New York Mandatory Nurse Overtime Law Amendments Take Effect

Significant amendments to New York law regarding mandatory overtime for nurses took effect on June 28, 2023. The changes resulted from New York Assembly Bill 970 / Senate Bill 850, which Governor Hochul signed in March, amending Section 167 of the Labor Law.  The legislation involved a “chapter amendment” modifying a bill previously signed by the governor on December 30, 2022. 

New York’s Prohibition on Mandatory Nurse Overtime

Section 167(3) of the Labor Law limits when health care employers1 can require nurses to work beyond their “regularly scheduled work hours”2 or overtime.3  These limitations are subject to four exceptions, which remain unchanged:

  1. A healthcare disaster unexpectedly affecting the county or contiguous county;
  2. A federal, state or county declaration of emergency;
  3. A patient care emergency, including unforeseeable staffing events endangering patient safety; and
  4. An ongoing surgery or procedure for which the nurse’s continue presence is needed to ensure patient safety.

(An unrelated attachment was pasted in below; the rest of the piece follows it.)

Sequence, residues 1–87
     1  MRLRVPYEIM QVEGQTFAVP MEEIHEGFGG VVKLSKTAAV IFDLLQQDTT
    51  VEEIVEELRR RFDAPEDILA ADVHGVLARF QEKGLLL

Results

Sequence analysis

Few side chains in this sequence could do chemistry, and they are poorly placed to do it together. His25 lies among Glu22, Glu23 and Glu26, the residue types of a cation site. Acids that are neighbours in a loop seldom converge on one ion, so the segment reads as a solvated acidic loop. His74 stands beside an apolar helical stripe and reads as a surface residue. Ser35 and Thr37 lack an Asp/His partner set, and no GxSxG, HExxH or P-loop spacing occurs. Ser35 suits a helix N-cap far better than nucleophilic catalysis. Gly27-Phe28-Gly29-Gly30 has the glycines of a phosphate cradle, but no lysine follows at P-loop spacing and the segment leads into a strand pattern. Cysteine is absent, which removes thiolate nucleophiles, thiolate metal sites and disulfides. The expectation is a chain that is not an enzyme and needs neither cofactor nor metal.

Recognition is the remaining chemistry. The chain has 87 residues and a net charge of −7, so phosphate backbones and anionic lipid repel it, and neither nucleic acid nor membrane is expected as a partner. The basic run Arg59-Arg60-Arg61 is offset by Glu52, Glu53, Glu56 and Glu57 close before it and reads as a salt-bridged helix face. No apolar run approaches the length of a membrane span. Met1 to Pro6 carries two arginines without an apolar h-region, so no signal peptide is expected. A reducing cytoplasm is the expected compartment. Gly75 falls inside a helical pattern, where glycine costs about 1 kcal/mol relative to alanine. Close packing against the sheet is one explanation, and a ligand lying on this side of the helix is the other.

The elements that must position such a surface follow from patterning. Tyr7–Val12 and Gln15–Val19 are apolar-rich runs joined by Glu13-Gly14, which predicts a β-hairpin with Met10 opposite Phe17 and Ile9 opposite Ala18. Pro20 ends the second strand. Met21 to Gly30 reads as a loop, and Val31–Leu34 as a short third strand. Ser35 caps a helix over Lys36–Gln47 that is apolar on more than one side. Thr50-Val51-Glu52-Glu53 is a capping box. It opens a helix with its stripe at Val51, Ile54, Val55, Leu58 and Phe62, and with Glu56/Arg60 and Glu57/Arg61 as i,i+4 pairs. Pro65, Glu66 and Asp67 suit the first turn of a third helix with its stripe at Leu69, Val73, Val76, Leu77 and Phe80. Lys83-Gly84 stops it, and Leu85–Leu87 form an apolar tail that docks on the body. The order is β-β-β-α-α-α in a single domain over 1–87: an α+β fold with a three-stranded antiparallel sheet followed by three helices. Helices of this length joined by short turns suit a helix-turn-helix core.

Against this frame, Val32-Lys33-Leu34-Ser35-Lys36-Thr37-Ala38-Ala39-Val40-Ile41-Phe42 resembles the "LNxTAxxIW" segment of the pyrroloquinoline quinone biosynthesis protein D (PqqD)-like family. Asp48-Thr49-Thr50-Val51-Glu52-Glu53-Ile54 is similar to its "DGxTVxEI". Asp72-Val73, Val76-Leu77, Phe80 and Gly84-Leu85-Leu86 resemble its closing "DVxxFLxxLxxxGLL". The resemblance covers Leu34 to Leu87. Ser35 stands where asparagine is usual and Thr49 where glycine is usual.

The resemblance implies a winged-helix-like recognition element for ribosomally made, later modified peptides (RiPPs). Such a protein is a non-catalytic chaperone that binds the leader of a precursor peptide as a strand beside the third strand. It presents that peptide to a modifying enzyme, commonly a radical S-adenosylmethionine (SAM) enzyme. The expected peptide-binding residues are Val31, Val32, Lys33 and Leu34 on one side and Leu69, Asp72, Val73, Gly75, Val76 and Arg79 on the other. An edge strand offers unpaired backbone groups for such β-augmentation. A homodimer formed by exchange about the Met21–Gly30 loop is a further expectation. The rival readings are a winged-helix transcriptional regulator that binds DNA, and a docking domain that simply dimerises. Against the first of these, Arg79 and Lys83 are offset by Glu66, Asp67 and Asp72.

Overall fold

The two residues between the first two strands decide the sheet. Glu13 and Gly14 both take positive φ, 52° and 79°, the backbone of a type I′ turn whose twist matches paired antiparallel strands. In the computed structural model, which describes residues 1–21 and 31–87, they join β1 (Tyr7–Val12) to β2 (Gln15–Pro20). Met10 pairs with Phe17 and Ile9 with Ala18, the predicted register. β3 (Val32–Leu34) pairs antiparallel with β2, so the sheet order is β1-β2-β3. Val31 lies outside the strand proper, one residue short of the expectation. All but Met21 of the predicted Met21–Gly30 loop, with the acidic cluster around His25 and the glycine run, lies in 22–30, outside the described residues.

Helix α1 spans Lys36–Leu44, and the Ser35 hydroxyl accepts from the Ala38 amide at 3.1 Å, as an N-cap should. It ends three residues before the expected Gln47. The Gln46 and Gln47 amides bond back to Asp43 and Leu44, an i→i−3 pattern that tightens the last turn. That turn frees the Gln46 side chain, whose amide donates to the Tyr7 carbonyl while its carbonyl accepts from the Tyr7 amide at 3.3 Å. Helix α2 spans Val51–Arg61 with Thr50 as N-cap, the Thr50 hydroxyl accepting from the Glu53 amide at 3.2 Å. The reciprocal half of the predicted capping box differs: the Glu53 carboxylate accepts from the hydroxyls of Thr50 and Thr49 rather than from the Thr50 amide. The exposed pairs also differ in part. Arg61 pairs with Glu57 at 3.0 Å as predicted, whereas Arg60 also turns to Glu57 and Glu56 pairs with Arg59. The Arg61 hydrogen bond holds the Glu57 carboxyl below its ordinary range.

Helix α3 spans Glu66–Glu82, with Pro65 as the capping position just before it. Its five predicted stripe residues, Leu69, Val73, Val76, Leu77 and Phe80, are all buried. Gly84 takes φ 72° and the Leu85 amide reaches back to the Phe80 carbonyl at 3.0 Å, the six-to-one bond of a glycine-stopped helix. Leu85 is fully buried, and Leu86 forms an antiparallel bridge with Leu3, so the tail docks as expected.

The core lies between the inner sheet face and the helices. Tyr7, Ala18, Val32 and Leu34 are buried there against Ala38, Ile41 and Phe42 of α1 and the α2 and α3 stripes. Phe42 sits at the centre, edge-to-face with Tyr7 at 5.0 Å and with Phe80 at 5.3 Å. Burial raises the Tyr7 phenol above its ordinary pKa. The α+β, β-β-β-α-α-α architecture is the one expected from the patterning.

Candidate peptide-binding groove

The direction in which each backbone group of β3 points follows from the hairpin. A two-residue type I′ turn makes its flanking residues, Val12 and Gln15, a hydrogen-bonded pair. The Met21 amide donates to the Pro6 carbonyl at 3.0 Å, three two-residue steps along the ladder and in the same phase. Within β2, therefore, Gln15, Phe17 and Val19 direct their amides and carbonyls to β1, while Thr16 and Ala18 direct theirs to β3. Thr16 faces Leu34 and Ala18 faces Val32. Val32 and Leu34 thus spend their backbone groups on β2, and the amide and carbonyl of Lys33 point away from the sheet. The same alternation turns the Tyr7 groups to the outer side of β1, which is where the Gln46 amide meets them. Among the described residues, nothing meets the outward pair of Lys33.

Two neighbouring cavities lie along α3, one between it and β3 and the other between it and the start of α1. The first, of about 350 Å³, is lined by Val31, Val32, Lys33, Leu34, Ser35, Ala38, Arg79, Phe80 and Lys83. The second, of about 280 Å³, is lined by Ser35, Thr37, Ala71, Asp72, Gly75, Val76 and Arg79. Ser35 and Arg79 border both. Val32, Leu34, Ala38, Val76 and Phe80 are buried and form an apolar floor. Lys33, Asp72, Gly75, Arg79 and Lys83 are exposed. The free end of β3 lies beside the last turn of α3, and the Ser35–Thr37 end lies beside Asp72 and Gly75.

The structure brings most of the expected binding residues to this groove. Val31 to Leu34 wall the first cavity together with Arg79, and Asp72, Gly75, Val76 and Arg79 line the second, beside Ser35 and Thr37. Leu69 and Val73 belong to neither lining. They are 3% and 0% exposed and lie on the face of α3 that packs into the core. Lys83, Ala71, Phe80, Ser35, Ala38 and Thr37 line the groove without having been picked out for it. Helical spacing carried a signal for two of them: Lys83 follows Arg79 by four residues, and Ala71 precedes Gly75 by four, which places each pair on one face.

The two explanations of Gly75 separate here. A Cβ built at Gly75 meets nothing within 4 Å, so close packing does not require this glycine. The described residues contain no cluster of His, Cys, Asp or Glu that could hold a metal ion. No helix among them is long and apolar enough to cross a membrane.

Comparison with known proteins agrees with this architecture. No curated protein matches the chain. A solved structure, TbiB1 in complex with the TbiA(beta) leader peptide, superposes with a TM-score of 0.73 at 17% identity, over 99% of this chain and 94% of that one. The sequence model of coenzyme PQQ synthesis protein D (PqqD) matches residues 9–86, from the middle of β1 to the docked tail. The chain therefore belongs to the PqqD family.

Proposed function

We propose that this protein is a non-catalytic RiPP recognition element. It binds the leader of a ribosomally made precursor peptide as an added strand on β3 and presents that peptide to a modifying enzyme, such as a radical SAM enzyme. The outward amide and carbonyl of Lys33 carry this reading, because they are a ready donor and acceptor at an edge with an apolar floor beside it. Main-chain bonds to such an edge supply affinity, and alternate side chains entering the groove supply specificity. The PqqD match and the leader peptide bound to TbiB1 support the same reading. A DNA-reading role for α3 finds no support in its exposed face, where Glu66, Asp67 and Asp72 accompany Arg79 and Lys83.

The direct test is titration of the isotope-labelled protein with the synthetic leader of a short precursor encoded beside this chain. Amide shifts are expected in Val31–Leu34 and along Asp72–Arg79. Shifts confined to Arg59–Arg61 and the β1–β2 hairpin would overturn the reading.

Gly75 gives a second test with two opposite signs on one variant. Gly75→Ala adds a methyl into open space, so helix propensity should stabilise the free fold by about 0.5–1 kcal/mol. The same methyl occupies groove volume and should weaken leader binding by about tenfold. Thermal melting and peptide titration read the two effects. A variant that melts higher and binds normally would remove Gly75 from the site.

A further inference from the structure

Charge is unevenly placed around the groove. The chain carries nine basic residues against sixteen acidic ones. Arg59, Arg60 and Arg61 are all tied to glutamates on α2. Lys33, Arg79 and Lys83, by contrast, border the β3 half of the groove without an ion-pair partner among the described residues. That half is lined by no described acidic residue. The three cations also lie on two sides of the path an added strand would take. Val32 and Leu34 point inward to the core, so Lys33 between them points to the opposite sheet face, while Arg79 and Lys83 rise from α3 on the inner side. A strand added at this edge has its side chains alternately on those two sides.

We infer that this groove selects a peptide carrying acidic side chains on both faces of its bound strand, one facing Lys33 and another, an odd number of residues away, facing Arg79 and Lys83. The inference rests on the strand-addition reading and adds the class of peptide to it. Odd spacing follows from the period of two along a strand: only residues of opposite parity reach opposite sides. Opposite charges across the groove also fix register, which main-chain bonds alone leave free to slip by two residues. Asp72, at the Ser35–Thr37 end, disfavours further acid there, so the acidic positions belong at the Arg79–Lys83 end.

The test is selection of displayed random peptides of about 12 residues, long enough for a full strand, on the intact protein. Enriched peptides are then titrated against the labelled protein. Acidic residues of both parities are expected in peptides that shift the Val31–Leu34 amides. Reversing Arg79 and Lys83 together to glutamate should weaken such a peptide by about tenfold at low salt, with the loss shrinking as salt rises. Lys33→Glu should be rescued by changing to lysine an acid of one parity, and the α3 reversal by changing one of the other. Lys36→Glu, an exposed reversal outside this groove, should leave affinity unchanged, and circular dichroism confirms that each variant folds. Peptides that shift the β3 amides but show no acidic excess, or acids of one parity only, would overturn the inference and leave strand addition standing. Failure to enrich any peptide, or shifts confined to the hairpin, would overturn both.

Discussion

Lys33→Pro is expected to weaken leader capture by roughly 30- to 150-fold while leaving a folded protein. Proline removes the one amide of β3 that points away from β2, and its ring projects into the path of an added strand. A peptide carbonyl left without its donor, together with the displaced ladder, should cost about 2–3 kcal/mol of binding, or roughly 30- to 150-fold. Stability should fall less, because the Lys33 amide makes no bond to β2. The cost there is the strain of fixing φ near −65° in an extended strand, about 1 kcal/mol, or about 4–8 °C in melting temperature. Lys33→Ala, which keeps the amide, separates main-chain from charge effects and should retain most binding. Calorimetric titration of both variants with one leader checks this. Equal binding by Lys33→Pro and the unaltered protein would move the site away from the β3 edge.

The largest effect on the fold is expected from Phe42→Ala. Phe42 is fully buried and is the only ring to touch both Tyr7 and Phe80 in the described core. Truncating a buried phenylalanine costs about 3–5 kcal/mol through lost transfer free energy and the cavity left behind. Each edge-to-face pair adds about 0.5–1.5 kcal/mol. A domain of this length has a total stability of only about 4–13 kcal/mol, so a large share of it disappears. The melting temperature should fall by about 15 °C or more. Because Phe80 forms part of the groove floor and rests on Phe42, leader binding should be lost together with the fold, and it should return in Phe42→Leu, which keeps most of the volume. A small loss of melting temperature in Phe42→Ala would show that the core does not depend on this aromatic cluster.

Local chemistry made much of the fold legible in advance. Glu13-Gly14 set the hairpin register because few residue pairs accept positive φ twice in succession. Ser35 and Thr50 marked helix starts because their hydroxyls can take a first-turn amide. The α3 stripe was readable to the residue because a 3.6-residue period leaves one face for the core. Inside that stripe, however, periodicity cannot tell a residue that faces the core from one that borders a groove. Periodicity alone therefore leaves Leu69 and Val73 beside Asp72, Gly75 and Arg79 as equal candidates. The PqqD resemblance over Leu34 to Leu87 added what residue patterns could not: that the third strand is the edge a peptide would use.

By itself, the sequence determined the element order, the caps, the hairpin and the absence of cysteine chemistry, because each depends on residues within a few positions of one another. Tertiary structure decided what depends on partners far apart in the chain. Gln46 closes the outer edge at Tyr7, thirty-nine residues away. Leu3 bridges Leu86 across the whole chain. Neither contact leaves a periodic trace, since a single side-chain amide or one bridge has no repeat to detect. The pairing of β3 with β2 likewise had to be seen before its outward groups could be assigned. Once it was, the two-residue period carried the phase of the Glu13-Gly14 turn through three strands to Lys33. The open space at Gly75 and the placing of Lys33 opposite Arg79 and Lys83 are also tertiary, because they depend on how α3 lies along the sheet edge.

Good Faith Efforts for Voluntary Coverage Required

The amendment to Section 167 applies the requirement for employers to “make a good faith effort to have overtime covered on a voluntary basis” to each of these exceptions.  Previously, this was required only in a patient care emergency. The statute identifies “good faith effort” to include, but not be limited to, calling per diem nurses and agency nurses, assigning floats, or requesting an additional day of work from off-duty employees to the extent such staffing options exist. Existing regulations and guidance have not specified the extent to which healthcare employers are required to seek such voluntary coverage, but previously issued guidance instructs that attempts to avoid the use of mandatory overtime and seek alternative staffing be documented by the healthcare employer.  

Reporting of Exceptions

As amended, Section 167(5) requires that healthcare employers report to the New York State Department of Labor (NYSDOL) each time they require a nurse to work beyond their regular hours based upon any of the exceptions in Section 167(3).

For healthcare employers with significant amounts of mandatory nurse overtime, Section 167(5) now also requires reporting to NYSDOL and the State Department of Health (NYSDOH):

(1) the number of days mandatory overtime was required;

(2) the number of employees required to work mandatory overtime; and

(3) the dates and times mandatory overtime was required. 

Healthcare employers that utilize mandatory overtime on 45 days or more during a three-month period are also required to file an explanation with the NYSDOH and NYSDOL, along with an estimate of when such overtime will end. 

NYSDOL Enforcement Officer